Toi K. Carrion is an associate in Sidley’s Investment Funds group in New York. She is the co-founder and co-chair of Sidley’s Women of Color Initiative in New York.
“I spent eight months with the client learning about collective investment funds, and it was honestly a highlight of my career.”
You’re a very successful senior associate in the Investment Funds practice group. What drew you to your practice, and what are some of the most impactful deals or matters you have worked on while at Sidley?
Prior to law school, I worked as a paralegal in the Global Finance group at a large white shoe law firm in the New York. While there, I received a couple of pieces of guidance (albeit biased) from the lawyers in my group in choosing a practice area that I held with me thereafter. The first was that the transactional practice was essentially managing a deal from beginning to end – using our expertise, experience and resources to guide parties who are already in alignment on the end goal get there as seamlessly as possible. The second piece was that in litigation, lawyers are often arguing about the documents that transactional attorneys are drafting. Preparing well thought out and considered documents is essential to avoiding litigation (if you can), and protecting our clients in litigation, if it comes. I had always leaned toward problem solving, project management, and attention to detail in my academic and professional careers prior to law school, so I thought marrying my new legal knowledge with my existing skill sets would be perfect for me.
I tried all sorts of assignments as a summer associate at Sidley in the various transactional practice groups. Ultimately, I was drawn toward the lawyers that I worked with in the Investment Funds group. Admittedly, choosing Investment Funds had less to do with my preference for the work during a fast paced and event-filled summer, but a lot more to do with finding a group where I felt comfortable asking questions, encouraged to take on more work and responsibility, and confident that I had opportunities to grow and learn. The Investment Funds group also already had a number of women partners, counsels of color, and women of color. The diversity in leadership roles really influenced my decision to join this practice group above others that I was considering.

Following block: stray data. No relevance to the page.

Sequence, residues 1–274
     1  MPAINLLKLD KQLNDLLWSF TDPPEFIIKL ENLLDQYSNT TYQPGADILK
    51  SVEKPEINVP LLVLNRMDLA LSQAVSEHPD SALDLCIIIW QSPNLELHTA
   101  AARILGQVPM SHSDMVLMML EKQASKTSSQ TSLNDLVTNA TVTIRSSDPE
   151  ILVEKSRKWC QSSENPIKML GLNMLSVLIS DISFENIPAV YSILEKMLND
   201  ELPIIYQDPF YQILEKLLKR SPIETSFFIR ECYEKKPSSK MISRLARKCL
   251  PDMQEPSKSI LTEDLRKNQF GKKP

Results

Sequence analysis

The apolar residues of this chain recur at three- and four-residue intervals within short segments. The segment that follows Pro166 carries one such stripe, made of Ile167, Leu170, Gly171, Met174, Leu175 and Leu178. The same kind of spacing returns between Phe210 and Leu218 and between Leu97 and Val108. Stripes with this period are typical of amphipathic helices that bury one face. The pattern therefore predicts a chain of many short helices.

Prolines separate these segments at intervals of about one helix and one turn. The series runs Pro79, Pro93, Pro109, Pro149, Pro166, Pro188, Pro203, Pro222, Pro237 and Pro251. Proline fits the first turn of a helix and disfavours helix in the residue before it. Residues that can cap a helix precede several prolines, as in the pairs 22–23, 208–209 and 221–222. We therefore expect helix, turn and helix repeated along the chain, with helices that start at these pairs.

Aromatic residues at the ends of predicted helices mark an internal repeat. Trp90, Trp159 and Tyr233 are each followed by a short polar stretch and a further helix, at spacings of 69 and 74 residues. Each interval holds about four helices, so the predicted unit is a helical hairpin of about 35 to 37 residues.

My practice has been a bit of a hybrid, working on both registered and private fund work during my time at Sidley. I’ve worked on more routine matters like annual updates to fund registration statements, drafting agreements in connection with changes in service providers, and document review projects— but have also worked on several large scale fund mergers and private and registered fund launches. This experience has given me the privilege of building strong relationships with some of the largest financial institutions in the world. Through these experiences and relationships, I was asked to go on secondment at a client site where I had the opportunity to work on collective investment funds – a new product that I hadn’t had a chance to work on at Sidley. I spent eight months with the client learning about collective investment funds, and it was honestly a highlight of my career.
In addition to success in your practice area, you help lead an important and successful D&I initiative – Sidley’s Women of Color Initiative.
Yes. I co-lead the firm’s Women of Color (WOC) Initiative with Teri Peeples in the New York office. The goal of the Initiative is to provide women of color lawyers with better networking, relationship building, and mentorship opportunities with Sidley’s leadership and clients.
What are your goals for the Women of Color Initiative in New York in 2021?
Teri and I share many of the same goals, primarily to encourage more collaboration and engagement between Sidley’s women of color across offices and to increase opportunities for our women of color to building strong business relationships with their in-house counterparts.
Personally, I would also love to see us working more closely with firm leadership, the Diversity and Inclusion Committee, and the Committee on Retention and Promotion of Women to examine more closely how we can create systems within the firm to reduce the impact of the systemic racism that exists in most large institutions. I also hope that the Women of Color Initiative can really provide a safe space for women of color to share their stories and find unwavering support within the firm.